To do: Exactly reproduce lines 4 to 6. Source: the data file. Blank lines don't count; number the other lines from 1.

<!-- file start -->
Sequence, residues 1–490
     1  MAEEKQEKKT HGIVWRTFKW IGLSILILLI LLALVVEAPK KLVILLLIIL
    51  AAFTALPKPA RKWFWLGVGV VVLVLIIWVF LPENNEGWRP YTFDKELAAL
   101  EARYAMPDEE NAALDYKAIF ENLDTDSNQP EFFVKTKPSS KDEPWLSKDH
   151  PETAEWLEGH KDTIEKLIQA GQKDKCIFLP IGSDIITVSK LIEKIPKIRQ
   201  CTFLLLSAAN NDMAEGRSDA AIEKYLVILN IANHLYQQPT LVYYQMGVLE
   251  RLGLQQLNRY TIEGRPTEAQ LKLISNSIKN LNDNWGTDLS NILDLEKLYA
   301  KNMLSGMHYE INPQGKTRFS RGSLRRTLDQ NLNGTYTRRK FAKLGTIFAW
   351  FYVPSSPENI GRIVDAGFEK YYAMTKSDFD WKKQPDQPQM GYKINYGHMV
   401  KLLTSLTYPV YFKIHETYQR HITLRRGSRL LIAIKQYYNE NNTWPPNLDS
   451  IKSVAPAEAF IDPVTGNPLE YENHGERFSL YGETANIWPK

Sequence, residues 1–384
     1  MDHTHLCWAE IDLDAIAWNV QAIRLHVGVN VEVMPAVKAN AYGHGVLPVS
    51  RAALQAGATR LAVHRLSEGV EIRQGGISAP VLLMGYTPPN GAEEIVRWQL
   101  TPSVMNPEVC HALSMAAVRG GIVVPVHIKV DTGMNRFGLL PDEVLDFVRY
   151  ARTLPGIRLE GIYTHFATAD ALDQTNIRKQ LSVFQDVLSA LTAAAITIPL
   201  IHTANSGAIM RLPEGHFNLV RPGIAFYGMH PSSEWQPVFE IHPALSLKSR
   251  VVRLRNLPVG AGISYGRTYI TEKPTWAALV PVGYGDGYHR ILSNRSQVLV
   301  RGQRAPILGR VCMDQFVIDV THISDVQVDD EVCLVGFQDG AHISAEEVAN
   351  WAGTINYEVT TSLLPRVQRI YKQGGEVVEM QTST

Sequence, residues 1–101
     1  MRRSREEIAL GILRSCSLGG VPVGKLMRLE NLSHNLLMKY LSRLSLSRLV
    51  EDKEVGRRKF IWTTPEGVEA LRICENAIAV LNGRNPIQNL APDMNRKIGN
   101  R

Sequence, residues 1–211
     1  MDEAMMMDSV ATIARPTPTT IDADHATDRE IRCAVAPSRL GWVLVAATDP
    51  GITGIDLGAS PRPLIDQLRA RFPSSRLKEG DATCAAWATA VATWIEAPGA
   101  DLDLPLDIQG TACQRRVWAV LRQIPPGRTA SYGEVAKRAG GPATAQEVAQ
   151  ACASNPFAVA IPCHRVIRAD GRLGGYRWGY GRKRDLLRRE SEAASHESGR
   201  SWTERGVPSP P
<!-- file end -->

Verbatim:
   101  EARYAMPDEE NAALDYKAIF ENLDTDSNQP EFFVKTKPSS KDEPWLSKDH
   151  PETAEWLEGH KDTIEKLIQA GQKDKCIFLP IGSDIITVSK LIEKIPKIRQ
   201  CTFLLLSAAN NDMAEGRSDA AIEKYLVILN IANHLYQQPT LVYYQMGVLE